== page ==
Safety Publications/Articles

From The Right Seat

Make Students Safer

As flight instructors, we not only teach our students how to fly, we influence their basic beliefs and values. How? By title and proximity.

The title flight instructor gives us authority. It means that students pay attention to our words and actions. The proximity of teaching in airplanes means we establish a more intimate relationship with our students. Both title and proximity encourage students to mimic our behaviors, thoughts, and actions. And they are the means by which we may influence how safely our students fly for years to come.

So influence your students in positive ways. Let them see you behave responsibly, use that checklist, muse about safety, obtain a weather briefing for a local flight. And if you wonder how much influence you have, consider these wise words offered by an unknown aviator: "Whenever we talk about a pilot who has been killed in a flying accident, we should all keep one thing in mind. He called upon the sum of all his knowledge and made a judgment. He believed in it so strongly that he knowingly bet his life on it. That his judgment was faulty is a tragedy, not stupidity. Every instructor, supervisor, and contemporary who ever spoke to him had an opportunity to influence his judgment, so a little bit of all of us goes with every pilot we lose."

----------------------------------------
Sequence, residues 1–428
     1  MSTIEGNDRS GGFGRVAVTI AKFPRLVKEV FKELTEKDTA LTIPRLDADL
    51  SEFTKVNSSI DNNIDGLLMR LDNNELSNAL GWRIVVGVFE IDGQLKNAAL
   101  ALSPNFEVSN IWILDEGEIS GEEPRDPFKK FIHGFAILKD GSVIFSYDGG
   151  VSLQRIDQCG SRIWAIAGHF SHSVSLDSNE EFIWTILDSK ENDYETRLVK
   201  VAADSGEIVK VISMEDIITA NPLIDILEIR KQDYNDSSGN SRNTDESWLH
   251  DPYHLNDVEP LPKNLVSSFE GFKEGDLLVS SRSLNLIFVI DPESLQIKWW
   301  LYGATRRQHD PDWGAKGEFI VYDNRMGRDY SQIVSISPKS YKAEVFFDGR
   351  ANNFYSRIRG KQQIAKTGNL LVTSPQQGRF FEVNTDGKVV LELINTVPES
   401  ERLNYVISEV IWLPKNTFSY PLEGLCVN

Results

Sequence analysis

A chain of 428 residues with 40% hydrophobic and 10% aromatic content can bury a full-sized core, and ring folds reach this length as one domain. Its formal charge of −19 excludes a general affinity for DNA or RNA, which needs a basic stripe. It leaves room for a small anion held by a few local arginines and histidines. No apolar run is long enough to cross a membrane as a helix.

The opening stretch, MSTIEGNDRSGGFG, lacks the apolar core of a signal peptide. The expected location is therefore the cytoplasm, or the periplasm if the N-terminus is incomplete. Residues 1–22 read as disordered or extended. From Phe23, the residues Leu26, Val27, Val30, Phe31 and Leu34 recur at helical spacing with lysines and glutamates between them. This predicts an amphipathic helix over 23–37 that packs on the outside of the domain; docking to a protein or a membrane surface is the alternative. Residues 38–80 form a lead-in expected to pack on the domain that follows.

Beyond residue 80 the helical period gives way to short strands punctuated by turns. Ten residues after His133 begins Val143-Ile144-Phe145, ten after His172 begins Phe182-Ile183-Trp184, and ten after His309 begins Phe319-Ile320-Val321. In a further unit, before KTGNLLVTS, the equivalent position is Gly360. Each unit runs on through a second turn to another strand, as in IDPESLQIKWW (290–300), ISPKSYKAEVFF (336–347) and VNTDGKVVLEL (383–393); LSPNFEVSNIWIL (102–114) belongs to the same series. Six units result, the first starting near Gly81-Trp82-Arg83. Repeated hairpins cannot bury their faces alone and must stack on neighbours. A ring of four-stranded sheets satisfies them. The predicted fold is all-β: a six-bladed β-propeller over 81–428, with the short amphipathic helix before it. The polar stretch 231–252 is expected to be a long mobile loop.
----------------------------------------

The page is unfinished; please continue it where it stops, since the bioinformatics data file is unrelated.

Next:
Imagined Rehearsal

Have you ever prepared for a job interview by mentally rehearsing answers to the questions that you think you'll be asked? Most of us have. It helps, doesn't it? At least it helps us to prepare appropriate responses and minimizes the chance that we'll say something goofy. Given enough rehearsal, if the interviewer asks how you intend to get to work, you're less likely to answer with something strange like, "Ahh, the starship Enterprise?" We call mental practice imagined rehearsal, and it's very important for helping our students to acquire new skills.